Keywords: Twister, SBSE, Fragrance, Acetic acid, Ethanol, Glycol, Detergent, Emulsion
Analysis of samples containing polar matrix components such as water, glycols, sugars or surfactants by gas chromatography has usually required extensive cleanup such as liquid/liquid extraction, solid phase extraction or distillation.Some polar matrix components like acetic acid or ethanol are highly volatile and difficult to eliminate using traditional sample preparation techniques. Stir bar sorptive extraction using a polydimethylsiloxane (PDMS) phase on the stir bar prior to GC analysis can eliminate major interference from these polar matrix components. The PDMS selectively extracts non-polar analytes, discriminating against the polar matrix components present in the sample at even percent levels or higher. Samples that contain high levels of interfering compounds like surfactants and emulsifiers that usually form emulsions when attempting organic solvent extractions can be analyzed directly by SBSE. Examples include separation of flavor and fragrance components in balsamic vinegar and alcoholic beverages, and analysis of fragrances and other additives in consumer products like soaps and detergents. Trace additive analysis in new and used antifreeze further demonstrates the versatility of SBSE for sample preparation prior to GC analysis.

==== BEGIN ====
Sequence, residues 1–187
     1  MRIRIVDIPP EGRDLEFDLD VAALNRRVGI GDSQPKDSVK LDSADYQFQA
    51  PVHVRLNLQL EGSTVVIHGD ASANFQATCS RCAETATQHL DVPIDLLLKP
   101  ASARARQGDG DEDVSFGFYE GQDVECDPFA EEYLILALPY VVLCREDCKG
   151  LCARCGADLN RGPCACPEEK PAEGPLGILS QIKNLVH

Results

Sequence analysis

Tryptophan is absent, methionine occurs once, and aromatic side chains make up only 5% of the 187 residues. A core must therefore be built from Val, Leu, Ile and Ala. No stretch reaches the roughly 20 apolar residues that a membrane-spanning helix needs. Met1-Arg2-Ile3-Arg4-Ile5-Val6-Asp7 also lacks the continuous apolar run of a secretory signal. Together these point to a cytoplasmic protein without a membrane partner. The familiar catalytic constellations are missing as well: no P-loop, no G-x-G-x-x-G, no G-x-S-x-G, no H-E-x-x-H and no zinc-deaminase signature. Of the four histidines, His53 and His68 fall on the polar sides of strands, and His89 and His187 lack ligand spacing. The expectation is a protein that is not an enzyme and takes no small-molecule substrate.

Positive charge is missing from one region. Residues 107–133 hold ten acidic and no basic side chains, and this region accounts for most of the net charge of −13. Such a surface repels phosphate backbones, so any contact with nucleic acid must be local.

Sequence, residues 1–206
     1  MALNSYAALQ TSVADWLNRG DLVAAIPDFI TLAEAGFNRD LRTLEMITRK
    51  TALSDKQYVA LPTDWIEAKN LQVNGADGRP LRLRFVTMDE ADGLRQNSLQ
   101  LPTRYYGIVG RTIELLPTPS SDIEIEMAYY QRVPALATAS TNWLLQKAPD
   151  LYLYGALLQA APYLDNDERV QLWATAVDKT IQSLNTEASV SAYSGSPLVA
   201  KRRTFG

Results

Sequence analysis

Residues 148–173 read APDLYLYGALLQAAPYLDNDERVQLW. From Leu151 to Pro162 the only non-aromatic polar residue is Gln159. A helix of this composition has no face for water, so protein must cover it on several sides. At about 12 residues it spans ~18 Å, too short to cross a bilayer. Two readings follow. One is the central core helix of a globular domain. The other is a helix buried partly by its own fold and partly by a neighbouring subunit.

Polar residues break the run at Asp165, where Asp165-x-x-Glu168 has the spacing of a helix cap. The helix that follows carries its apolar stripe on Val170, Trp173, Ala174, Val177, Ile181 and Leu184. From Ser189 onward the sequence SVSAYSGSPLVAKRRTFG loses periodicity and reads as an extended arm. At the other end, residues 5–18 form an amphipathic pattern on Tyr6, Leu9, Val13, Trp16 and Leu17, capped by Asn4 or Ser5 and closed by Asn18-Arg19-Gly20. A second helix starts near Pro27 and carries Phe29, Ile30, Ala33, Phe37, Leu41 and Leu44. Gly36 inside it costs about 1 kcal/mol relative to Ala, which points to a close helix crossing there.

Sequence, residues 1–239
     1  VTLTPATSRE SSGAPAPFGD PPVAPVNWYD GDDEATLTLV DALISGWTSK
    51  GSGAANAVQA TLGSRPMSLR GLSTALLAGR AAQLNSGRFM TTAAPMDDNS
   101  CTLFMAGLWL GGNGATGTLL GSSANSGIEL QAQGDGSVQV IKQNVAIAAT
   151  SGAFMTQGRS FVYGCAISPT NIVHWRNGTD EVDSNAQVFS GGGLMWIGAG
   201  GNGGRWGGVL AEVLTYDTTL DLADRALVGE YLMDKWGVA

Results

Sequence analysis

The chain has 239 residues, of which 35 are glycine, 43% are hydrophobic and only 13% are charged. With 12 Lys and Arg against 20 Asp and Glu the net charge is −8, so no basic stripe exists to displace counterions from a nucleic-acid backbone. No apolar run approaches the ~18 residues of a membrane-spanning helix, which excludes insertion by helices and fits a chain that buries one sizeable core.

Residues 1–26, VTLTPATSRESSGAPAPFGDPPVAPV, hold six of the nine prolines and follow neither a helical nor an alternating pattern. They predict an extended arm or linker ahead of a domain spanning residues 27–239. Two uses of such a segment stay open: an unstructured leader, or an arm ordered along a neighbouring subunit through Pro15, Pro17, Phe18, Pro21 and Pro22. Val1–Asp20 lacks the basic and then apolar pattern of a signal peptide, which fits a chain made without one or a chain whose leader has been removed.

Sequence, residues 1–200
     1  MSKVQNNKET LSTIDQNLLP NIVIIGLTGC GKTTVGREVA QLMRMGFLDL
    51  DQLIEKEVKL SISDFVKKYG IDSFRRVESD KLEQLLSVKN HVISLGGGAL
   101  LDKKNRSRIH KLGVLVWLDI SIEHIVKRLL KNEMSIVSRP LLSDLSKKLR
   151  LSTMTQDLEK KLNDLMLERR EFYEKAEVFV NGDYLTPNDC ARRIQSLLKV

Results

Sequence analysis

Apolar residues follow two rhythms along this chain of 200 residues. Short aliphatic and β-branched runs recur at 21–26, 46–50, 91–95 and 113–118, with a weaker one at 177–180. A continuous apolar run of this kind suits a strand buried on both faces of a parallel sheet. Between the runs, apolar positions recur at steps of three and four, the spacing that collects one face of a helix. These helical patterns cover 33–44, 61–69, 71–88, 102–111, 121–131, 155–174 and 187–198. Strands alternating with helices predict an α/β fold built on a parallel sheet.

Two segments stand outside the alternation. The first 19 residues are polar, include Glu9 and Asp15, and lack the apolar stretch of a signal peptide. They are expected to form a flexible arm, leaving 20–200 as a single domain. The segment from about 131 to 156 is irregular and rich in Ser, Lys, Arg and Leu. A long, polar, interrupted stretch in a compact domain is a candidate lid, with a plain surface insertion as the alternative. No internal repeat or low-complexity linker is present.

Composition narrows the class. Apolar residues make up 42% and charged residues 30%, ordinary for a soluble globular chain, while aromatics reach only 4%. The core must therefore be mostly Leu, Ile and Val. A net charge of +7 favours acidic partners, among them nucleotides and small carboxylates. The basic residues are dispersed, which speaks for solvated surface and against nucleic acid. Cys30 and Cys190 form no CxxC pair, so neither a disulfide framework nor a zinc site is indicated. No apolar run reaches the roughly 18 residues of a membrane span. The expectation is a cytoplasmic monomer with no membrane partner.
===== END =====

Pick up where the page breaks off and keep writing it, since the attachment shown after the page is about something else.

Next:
Keywords: Stir Bar Sorptive Extraction, SBSE, Beer, Hops
The elucidation of the “hoppy aroma note” in beer has always been a challenging task. The main reason without any doubt is the lack of sensitive and selective analytical methods. In the brewery industry, organoleptic panels very often identify a hoppy note in beers, but analytical evidence cannot support their observations. Two new sampling techniques, namely stir bar sorptive extraction (SBSE) and headspace sorptive extraction (HSSE) were evaluated for the enrichment of hop derived solutes in beers.
Keywords: Stir Bar Sorptive Extraction, SBSE, Beer, Wort
A new sample preparation technique - Stir Bar Sorptive Extraction (SBSE) was evaluated for the enrichment of hop-derived solutes in wort and beer. SBSE offers an effective, easy-handling and low cost opportunity for the isolation of organic solutes from aqueous matrices. A small stir bar, coated with polydimethylsiloxane is placed directly in the sample and stirred for about an hour. After sampling, the stir bar is placed in a thermal desorption unit for subsequent GC separation under mild conditions. Several hop-derived solutes can be elucidated and identified in this way. Alternatively, the stir bar can be desorbed by a liquid followed by HPLC analysis. This allows analysis of some of the thermally stable hop derived solutes. Both approaches are complementary in nature and give a quite complete profile of the hoppy flavor in beer. The SBSE approach has also been compared to the classical SPE-HPLC technique.